Rocky Mountain Institute
University of Michigan, MSE Chemical Engineering, 2018
University of Michigan, MS Environment and Sustainability, 2018
My career path has been a bit different in that I’ve already moved around a bit since graduating. I spent 8 months at Apple on their Environmental Technologies team before joining the Emerging Solutions (ES) team at the Rocky Mountain Institute (RMI). RMI is a non-profit think-and do tank with global presence. RMI has 12 programs that are vertically focused on either sector (electricity, industry, mobility, etc.) or regions (China, Africa, India, etc.). The role of ES is to sustain institute thought leadership and explore new cross-programmatic areas of work. It’s almost analogous to the R&D division at a tech company that is in charge of innovation and incubation of new ideas.
My university experiences set me up well for the positions I held after-being involved in a variety of projects that ranged from academic with no clear real-world application to very tangible on-the groundwork. This ‘experimental’ approach has helped me in two ways: 1. Learning more about myself and where my interests truly lie and 2. Gaining a broad set of skills and experiences, which I’ve found to be very complementary and beneficial to my work.
Doing the double master’s program also equipped with a breadth of subject matter expertise and opened up a broader range of opportunities. The academic/research-oriented projects honed valuable skills of critical thinking, structuring approaches, and designing solutions even in times of high ambiguity. Hypothesis development and testing are useful skills regardless of what type of work one ends up doing. Research also strengthened my fundamental technical and scientific knowledge, which definitely provided an edge in non-academic jobs. For example, working on photocatalysis and industrial ecology research has allowed me to make informed decisions on which technologies have the potential to work and which ones seem far-fetched just based on thermodynamics or material/energy efficiencies.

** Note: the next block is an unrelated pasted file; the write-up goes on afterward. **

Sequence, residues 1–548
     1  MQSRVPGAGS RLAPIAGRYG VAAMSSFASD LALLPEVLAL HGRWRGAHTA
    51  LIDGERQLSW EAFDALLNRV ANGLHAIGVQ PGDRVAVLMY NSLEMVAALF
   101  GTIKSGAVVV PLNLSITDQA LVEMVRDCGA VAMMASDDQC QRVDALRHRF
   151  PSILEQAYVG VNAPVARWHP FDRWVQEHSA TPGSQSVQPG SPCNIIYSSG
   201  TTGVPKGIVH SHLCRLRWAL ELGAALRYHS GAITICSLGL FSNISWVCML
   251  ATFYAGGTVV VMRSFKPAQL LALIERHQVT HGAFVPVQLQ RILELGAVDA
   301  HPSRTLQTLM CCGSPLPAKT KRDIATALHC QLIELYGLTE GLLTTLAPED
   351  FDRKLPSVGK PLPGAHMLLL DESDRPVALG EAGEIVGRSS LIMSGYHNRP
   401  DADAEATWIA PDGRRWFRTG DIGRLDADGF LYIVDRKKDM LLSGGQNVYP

Additionally, conducting research in two different departments allowed me to draw connecting lines between different sectors and take a broad systems view of the problem at hand. My research experiences were well complemented with more professions projects-providing the opportunity to develop skills such as techno-economic analysis, multi-stakeholder engagement, rapid iteration on work products, how to factor real-world externalities, and effective communication methods. For example, working on solar desalination and transportation systems in Costa Rica gave me a deeper understanding of technologies and also made me appreciate the nuances of working in an emerging economy setting.
All these experiences have allowed me to be more effective in the work I do today-conducting rigorous research and understanding new-age technologies, being able to draw valuable insights from the messy data that is available, developing solutions taking a systems view of the problem, working with different types of stakeholders, and effectively communicating results that the audience can digest and comprehend.
How does you master’s degree differentiate you from others?
The largest differentiator has been the knowledge and experiences gained across two master’s programs versus one. Companies typically settle for either deep subject matter expertise or broad cross-functional thinking. Being able to do both — have a breadth and depth of knowledge can be a big differentiator and is key to honing systems thinking approach. It also allows me to choose that I want to do because I can fit into a variety of different roles.
time spent at U-M
The community (both U-M and alumni) is fantastic – share your concerns, ask questions, reach out to people [don’t stop till someone threatens you with a restraining order (mostly joking)]. Don’t be afraid to take risks and try new things — there are more people out there who are likely to support your efforts than try to foil them. Work hard and keep laughing.